Devoid of delight, we dwell in dovecotes of dejection

And we wonder. We constantly wonder. Not about the stars and the tides,

but about loneliness.

About how we become a line and not a circle.


This is how the water recedes


Start with a village.

No, start with a river.

And a house and intrepid travellers.

A chicken coop and fields of shimmering green gold.

Spread your arms wider.

Take in the family that moves in. And friends.

That house becomes a community.

That field becomes a kibbutz.

You and me become us, them, they, we.

Spread your arms wider. But hold on to your heart.

It's one bad year. And then a few more.

People leave. Just for a while. Or so they say.

The while becomes a whole lot of time.

The kibbutz is kaput.

The dreams, concretised.

There's silence in the river.

Even the fish have moved on.



The 'Special Mention Award' goes to Diana Webb


Building of the Moment


There was a beauty in the trees. The way the branches interlaced, formed wooden arches, As a little boy he'd sat beneath them, loved their symmetry, the way the bark could shine in green or gold or copper. And now he crafts a new design. A place where everybody young or old or married single trans or gay could sit and sip a honeyed drink while reading haiku carved along the rafters, in the wooden floorboards, bringing moons and stars and flowers and rain and snow to dance together in the air where voices joined in unison to share the poems with each other.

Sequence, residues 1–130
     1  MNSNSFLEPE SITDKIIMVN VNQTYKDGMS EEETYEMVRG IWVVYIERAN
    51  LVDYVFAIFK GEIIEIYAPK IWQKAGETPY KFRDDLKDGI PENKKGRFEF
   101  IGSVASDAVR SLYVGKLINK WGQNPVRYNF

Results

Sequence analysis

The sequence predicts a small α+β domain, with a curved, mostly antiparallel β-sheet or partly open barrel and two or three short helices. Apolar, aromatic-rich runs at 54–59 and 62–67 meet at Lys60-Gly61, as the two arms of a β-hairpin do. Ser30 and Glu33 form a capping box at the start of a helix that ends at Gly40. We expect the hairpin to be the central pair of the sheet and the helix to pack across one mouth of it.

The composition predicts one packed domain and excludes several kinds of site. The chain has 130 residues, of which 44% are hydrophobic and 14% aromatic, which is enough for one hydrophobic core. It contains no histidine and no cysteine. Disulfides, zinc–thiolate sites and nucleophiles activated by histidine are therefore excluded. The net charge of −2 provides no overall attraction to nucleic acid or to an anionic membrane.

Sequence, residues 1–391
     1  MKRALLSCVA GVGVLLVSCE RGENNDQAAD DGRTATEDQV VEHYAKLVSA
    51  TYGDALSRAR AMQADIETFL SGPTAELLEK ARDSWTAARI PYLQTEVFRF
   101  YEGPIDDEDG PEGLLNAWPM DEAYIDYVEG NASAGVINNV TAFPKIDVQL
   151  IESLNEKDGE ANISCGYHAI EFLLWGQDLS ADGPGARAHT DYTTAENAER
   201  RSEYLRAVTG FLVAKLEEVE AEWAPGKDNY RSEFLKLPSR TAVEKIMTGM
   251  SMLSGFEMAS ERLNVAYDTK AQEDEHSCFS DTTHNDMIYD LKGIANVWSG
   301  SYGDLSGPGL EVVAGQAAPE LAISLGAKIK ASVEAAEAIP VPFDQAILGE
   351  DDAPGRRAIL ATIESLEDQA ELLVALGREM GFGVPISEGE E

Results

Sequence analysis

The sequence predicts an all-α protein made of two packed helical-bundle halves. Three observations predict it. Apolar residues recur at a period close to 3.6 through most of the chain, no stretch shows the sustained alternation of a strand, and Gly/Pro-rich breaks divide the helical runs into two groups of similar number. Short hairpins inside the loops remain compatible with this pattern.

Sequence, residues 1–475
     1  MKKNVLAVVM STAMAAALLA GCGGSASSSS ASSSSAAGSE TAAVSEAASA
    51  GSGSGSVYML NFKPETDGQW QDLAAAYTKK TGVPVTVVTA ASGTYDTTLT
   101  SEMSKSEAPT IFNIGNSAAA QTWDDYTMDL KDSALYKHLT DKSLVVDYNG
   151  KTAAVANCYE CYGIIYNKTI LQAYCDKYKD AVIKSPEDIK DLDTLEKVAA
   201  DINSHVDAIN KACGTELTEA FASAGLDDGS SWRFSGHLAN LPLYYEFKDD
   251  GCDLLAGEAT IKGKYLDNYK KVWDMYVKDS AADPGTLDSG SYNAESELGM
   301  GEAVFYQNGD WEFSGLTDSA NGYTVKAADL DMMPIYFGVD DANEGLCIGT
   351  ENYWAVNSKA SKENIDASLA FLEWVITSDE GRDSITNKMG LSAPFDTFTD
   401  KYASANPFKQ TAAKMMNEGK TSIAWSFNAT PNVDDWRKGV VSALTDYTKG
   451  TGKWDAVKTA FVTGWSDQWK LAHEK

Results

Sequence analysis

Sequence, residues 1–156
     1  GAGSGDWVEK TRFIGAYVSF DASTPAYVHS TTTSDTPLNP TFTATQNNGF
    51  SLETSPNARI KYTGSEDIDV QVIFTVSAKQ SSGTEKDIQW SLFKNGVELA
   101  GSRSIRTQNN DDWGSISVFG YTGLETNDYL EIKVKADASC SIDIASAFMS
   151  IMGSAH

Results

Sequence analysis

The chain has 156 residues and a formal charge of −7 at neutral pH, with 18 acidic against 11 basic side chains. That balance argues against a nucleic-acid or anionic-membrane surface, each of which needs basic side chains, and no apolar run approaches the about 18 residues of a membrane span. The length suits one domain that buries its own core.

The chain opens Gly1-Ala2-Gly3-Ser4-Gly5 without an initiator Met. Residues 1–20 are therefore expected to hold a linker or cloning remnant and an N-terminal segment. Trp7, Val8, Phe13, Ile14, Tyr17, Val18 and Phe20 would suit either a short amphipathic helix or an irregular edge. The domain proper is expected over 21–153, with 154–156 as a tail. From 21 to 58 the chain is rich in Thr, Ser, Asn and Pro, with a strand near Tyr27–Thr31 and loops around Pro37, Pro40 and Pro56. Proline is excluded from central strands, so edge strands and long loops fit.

temple

paint for each window

distilled from birdsong


Perennial


The structure of her DNA. She often wonders. In her dreams the double helix reaches up and out just like a balsam seed when popped rears up its spiralled inner structure. Her great great grandad was an architect and staircase winding into staircase throws itself on to the surface of the ground on which she walks.


foundation stone

crystal ball awhirl with auras

interlinked


Certificate of Appreciation_1: Mahima Jagadeesh


Singing cheery days of a town


“Hi Aunty! Can I have some sugar? “

I asked to her with a heart sweeter

Giving away a warm smile and a sweet greet.

Passing on the sweetness to our milkman,

Who never fails to cheer up every other man.

Happiness was to see the beauty of Rangoli,